setting up wireless laptop

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Old 12-15-06, 11:16 PM
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setting up wireless laptop

Have a new dell laptop that I want to setup as desktop, but be able to use throughout the house with internet access. The internet connection is high speed cable.

What do I need?
 

Last edited by Stumped1; 12-15-06 at 11:58 PM.
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Old 12-16-06, 01:58 AM
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A wireless router and a internet access card to match the router
 
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Old 12-16-06, 06:19 AM
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Or just the wireless router if your laptop has on-board wireless capability. If you google "wireless home networking" or something similar you'll get a lot of info to help.
 
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Old 12-16-06, 06:39 AM
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Your original post is a bit confusing. Desktop and throughout the house are quite different.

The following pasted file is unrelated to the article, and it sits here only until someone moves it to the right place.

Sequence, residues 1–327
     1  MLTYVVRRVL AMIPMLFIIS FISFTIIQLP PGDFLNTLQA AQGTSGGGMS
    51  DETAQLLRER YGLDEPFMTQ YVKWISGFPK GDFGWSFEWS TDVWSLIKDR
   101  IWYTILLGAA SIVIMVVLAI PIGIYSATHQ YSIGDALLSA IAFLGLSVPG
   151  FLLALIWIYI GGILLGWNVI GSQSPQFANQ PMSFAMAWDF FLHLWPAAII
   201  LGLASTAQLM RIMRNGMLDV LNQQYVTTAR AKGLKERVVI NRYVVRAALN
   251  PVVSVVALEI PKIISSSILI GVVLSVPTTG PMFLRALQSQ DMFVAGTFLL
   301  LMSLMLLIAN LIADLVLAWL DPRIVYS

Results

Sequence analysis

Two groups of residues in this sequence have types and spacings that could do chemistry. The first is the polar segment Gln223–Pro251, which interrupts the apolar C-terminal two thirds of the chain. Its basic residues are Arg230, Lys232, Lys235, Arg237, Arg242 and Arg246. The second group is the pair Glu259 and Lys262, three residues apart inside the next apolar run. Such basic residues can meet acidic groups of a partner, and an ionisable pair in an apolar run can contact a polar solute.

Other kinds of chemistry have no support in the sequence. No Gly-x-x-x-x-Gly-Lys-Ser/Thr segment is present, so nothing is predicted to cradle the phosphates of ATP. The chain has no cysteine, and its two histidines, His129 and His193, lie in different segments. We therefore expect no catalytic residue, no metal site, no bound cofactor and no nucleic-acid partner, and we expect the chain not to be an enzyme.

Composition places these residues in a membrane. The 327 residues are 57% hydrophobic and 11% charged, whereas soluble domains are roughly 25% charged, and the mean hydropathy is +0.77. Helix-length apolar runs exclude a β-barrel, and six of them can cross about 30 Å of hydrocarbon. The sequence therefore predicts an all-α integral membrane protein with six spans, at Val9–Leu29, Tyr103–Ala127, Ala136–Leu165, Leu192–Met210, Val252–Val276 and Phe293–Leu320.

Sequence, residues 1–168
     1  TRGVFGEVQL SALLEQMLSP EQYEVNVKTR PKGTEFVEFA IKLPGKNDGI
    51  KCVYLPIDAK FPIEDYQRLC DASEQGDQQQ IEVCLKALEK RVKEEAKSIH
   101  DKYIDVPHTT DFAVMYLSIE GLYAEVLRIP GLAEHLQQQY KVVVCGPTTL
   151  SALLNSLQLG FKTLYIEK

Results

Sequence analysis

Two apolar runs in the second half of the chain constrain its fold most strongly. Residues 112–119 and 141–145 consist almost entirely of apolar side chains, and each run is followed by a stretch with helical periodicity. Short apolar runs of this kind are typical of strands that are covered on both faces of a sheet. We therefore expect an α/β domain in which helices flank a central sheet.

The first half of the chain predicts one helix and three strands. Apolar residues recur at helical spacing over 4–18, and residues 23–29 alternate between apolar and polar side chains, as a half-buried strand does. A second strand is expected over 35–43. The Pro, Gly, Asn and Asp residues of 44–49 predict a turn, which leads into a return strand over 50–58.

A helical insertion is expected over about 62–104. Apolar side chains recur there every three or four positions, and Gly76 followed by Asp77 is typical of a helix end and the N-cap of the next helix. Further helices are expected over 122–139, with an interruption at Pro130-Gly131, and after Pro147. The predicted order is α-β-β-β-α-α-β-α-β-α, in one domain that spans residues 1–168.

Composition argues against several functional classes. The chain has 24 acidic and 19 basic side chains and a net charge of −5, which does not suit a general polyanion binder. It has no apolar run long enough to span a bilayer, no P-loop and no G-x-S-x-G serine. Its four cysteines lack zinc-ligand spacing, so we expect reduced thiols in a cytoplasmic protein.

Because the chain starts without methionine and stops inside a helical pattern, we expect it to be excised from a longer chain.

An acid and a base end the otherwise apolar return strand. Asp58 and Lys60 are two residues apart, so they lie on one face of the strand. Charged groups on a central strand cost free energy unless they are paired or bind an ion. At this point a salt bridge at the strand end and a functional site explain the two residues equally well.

I recommend configuring the wireless router with the laptop directly connected to the router. Enable ALL security on the router and set the laptop wireless to match.

Then disconnect the cable to the router and let the wireless take over.
 
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Old 12-16-06, 08:07 AM
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As racraft said, configure the router with a cable connection.. Security is primary..

A word about wireless.. If you intend on doing any online banking or purchasing, DO NOT use wireless.. Use a network cable.. WEP and WPA is not at all secure, and anyone with the right software could intercept sensitive info..
 

Last edited by AxlMyk; 12-16-06 at 08:31 AM.
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Old 12-16-06, 11:20 AM
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I meant that I want the laptop to be primarily a desktop, but be able to disconnect and use the internet in other areas of the home. Exactly as rafcraft described.

I'll give it a try, thanks.

And thanks for the tip about wireless online banking.
 
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Old 12-19-06, 04:41 PM
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Does the router replace the cable modem? or is it in addition to the cable modem?
 
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Old 12-19-06, 05:13 PM
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Cable modem connects to Router..
You need them both..